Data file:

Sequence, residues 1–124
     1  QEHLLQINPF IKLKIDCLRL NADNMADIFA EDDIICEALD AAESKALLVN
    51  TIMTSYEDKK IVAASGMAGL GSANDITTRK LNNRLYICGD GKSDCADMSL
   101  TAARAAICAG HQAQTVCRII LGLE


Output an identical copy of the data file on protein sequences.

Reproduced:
Sequence, residues 1–124
     1  QEHLLQINPF IKLKIDCLRL NADNMADIFA EDDIICEALD AAESKALLVN
    51  TIMTSYEDKK IVAASGMAGL GSANDITTRK LNNRLYICGD GKSDCADMSL
   101  TAARAAICAG HQAQTVCRII LGLE